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The new emperor had the reputation of being at first 'exceptionally friendly' towards the Christians.76 The evidence shows that the great Christian centres of Rome, Carthage and Alexandria recovered quickly. At Carthage, bishop Cyprian returned to his city early in 251. He dealt rapidly with the problems raised by the multitude of lapsed Christians who wanted to return to the church, and asserted his episcopal authority against the claims ofthe confessors that, as 'friends of Christ', they, and not the bishop, had the right to forgive sins.77 However, Cyprian's victory was short-lived.78

The persecution that resulted in his execution differed from that of Decius. Decius had made no attempt to confiscate the goods of the church. Now, this was to be a prime aim. According to Eusebius,79 quoting a letter from bishop Dionysius to a fellow bishop, Herammon, the trouble started in Egypt with jealousy between 'the synagogue of Egyptian magicians' and Christians. The magicians were accused by the latter of performing horrible rites involving infanticide (just as the Christians had been accused earlier in the century). Unfortunately for the Christians, the 'ruler of the synagogue' was Macrianus, a former, yet still powerful, official who had been in charge of the imperial finances. He harboured hopes of gaining the empire for himself, and apparently (there is a lengthy gap in the text here) persuaded Valerian that the Christians posed a danger to the empire at a time when the empire itself was being threatened by Persian invaders.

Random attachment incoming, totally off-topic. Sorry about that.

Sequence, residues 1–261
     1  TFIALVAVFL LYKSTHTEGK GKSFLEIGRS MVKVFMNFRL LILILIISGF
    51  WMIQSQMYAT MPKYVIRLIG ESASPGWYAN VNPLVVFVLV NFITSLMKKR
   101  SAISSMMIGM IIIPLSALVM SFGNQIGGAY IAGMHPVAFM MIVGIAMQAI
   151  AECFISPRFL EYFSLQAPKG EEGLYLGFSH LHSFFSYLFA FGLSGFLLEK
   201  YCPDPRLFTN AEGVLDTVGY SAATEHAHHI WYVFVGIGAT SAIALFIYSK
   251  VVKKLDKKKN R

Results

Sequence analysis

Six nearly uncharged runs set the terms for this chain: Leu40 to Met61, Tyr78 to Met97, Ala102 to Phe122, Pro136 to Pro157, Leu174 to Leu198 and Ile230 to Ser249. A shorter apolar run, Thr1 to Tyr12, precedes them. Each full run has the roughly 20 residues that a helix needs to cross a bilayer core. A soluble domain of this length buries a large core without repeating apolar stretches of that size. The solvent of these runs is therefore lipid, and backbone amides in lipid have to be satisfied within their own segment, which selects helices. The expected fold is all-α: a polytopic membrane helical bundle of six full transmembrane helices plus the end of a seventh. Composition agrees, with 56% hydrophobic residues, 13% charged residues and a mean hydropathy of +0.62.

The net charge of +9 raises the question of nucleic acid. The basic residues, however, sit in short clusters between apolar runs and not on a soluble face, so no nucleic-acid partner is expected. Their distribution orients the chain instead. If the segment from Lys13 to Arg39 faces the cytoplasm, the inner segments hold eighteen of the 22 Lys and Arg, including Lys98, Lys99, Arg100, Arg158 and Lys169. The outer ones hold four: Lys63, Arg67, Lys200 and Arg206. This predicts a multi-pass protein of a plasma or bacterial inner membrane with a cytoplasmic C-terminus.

The aim ofthepersecution wasto destroy the church, financially and socially, by confiscatingits not inconsiderable property and by preventingthe leadership from functioning. The first aim was understandable as within a few years the coin in common use, the antoninanus, would suffer a catastrophic devaluation. In addition, Christian services were forbidden, and Christian places of worship confiscated. There was good reason for these new tactics. In the previous thirty years, the social composition of the church in Rome had been changing. No longer 'the dregs of the population', but matronae ('wives of the aristocracy or near-aristocracy') and the influential Caesariani ('imperial freedmen'), were among its numbers. Moreover, catacombs, often the burial places of retainers of the leading houses in Rome, were passing into Christian hands, those of Calepodius and Domitilla being prime examples. The authorities were faced with a formidable task.

76 Dionysius of Alexandria, quoted by Euseb. HE 7.10.3.

77 Cypr. Ep. 23 (the statement of the confessor Lucian to Cyprian). In the previous century, the confessors of Lyons had assumed without question the right of'binding and loosing' (Euseb. HE 5.2.5).

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